Company cars are the ‘low hanging fruit’ in shift to emobility

Company cars are costing Europe’s taxpayers €32 billion a year in subsidies – and most of them are for polluting vehicles, according to a new study. T&E says EU states have everything to gain from ending tax deals for fossil fuelled vehicles. Belgium’s new coalition government has committed to allowing favourable tax treatment for zero-emission company cars only by 2026.

Company cars have for years been associated with incentivising motoring, with some early schemes offering the highest tax exemptions for the greatest distances driven. Many of those schemes have now been changed, but company car regimes have yet to catch up with the need to fight climate change and the growth in availability of electric vehicles. With 60% of new cars sold to companies, the second-hand car market is heavily influenced by company car regulations.

Nearly all (96%) new company car registrations last year were petrol and diesel, according to the study for T&E by the German automotive fleet research agency Dataforce. Yet a mixture of value-added tax deductions and depreciation write-offs means that €32 billion in public money is used to subsidise these car sales, in effect getting taxpayers to fund pollution.

T&E says the conclusion from this analysis is that any favourable tax treatment for company cars must be linked to a rapid conversion of the fleet to zero-emission vehicles, which means electric purchases only by the middle of this decade. T&E’s e-mobility manager Saul Lopez said: ‘The current situation is madness, not just because taxpayers shouldn’t be subsidising pollution and climate change, but because e-vehicles are cheaper to run. Electrifying the company car sector is low hanging fruit for countries to make progress towards their national climate goals, so governments, the EU and cities should pick this low-hanging fruit and insist that all new company cars are electric by 2025.’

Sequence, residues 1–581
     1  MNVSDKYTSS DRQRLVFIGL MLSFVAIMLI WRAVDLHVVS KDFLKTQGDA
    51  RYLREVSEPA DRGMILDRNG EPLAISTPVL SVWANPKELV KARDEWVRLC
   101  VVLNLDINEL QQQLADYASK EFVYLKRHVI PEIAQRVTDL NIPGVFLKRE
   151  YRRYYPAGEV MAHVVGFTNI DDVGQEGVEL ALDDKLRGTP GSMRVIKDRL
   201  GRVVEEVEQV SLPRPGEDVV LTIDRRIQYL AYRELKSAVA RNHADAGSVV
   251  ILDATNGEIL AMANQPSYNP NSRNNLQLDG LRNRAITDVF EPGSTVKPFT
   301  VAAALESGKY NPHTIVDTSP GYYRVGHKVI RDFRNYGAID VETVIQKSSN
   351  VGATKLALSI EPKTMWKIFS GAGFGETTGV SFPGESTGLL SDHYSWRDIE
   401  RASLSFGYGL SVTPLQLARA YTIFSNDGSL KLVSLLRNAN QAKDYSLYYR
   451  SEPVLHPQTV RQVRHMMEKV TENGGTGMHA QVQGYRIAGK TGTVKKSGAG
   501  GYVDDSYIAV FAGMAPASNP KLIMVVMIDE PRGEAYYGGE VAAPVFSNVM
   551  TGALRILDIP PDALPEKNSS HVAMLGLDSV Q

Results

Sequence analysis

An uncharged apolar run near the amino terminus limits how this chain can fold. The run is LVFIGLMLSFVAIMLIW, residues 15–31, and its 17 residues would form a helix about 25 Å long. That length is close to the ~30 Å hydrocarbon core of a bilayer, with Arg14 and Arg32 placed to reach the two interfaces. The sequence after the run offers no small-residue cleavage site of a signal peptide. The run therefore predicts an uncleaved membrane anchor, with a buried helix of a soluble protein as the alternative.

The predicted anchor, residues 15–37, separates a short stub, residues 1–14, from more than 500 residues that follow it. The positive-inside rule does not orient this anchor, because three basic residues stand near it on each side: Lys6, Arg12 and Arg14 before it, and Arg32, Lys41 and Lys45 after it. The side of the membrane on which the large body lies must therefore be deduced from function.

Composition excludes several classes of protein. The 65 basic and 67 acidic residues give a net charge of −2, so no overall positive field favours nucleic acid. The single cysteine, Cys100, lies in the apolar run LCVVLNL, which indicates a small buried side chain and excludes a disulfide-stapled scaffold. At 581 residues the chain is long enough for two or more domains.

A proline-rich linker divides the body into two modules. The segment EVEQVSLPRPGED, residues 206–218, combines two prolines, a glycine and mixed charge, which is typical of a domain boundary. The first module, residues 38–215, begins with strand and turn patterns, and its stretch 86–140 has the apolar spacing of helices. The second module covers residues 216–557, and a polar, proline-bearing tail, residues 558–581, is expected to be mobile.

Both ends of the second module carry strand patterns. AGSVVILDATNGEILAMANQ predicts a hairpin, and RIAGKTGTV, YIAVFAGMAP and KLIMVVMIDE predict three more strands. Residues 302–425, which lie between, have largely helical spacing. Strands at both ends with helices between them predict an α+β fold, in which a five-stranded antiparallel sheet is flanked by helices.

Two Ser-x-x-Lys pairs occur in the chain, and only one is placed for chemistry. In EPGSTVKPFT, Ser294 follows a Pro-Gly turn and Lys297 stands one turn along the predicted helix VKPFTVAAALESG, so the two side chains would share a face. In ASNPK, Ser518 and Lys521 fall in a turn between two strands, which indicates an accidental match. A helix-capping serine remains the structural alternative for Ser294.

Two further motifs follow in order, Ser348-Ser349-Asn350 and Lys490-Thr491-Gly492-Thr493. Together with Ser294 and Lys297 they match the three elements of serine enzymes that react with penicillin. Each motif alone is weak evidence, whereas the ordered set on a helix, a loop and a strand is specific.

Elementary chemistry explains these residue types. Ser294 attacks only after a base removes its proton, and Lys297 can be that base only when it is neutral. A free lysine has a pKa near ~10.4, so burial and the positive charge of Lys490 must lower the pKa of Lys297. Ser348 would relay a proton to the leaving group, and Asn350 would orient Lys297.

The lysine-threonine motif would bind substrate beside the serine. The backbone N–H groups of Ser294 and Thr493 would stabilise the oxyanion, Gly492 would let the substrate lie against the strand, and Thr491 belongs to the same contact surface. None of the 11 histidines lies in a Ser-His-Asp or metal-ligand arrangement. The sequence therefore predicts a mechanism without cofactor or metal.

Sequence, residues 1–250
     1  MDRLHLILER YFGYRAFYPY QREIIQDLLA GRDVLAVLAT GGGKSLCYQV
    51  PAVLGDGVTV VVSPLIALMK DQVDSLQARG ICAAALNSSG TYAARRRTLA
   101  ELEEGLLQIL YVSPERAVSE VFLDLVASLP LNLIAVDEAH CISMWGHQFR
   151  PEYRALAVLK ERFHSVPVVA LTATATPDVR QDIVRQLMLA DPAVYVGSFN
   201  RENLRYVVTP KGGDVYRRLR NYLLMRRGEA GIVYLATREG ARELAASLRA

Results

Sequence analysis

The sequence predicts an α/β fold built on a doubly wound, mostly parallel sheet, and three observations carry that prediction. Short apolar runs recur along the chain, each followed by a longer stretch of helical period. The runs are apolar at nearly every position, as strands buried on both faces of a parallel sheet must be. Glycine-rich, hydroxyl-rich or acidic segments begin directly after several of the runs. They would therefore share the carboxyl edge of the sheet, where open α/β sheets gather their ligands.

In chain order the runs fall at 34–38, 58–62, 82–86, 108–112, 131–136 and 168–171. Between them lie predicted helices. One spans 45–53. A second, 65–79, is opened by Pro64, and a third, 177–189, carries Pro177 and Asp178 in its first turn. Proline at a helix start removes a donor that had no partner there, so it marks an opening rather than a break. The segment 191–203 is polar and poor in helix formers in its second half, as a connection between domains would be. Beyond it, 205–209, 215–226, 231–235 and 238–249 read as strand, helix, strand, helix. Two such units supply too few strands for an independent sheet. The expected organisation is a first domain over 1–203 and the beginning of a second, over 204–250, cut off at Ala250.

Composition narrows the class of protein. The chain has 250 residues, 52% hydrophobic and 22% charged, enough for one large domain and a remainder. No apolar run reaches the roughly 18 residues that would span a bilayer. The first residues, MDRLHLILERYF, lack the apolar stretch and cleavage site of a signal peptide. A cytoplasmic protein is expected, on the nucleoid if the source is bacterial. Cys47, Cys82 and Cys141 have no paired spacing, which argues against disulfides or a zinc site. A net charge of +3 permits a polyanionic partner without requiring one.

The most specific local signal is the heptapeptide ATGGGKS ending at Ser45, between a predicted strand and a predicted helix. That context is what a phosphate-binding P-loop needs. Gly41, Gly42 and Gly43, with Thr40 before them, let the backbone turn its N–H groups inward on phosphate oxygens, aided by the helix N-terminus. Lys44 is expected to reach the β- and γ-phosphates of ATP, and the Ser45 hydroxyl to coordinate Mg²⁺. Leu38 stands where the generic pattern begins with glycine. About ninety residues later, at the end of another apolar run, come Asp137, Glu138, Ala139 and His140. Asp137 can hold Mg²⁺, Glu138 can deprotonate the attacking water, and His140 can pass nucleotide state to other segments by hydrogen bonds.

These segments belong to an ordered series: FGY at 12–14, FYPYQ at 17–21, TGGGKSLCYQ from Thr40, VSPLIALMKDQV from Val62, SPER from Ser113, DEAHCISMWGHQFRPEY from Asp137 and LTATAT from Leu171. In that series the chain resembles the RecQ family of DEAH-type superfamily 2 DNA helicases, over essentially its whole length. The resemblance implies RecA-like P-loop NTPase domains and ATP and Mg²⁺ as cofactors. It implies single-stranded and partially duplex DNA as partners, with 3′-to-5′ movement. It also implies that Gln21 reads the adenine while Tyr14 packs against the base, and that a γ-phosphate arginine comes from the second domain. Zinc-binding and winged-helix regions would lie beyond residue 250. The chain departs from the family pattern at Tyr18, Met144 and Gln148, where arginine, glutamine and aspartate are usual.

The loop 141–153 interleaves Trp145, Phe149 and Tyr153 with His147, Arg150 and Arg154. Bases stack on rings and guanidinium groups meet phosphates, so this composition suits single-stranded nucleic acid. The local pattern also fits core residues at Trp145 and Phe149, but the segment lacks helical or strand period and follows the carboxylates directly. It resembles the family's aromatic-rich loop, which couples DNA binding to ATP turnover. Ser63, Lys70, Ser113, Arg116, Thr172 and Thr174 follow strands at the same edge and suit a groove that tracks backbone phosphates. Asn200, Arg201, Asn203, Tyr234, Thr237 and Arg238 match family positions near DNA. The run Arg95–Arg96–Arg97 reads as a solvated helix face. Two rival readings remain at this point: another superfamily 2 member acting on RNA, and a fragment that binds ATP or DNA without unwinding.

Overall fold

The new seven-party coalition government in Belgium has, as part of its programme, a plan to ban new company cars with engines from 2026. The commitment is to make tax breaks apply only to carbon-neutral cars, which would include a ban on plug-in hybrids and mean only battery electric vehicles would qualify. Around 10% of Belgium’s 6 million cars are company cars, and surveys suggest they are driven greater distances than private cars.

Lopez added: ‘We fully support what the Belgian coalition is committed to doing. Belgium has a fairly generous company car tax regime, so this denotes a shift in culture which we hope the government will carry out and other EU member states will follow. The result will be a dramatic shift in the car market towards electric, and this in turn will make more of them available second-hand.’

The countries with the biggest tax subsidies for company cars are Germany with €12 billion, Poland with €4.5 billion and the United Kingdom with €5.7 billion. The 10 largest leasing companies – which include BMW’s Alphabet and Daimler’s Athlon – cause 8% of EU car CO2 emissions because their cars are driven more than twice the distance as private cars.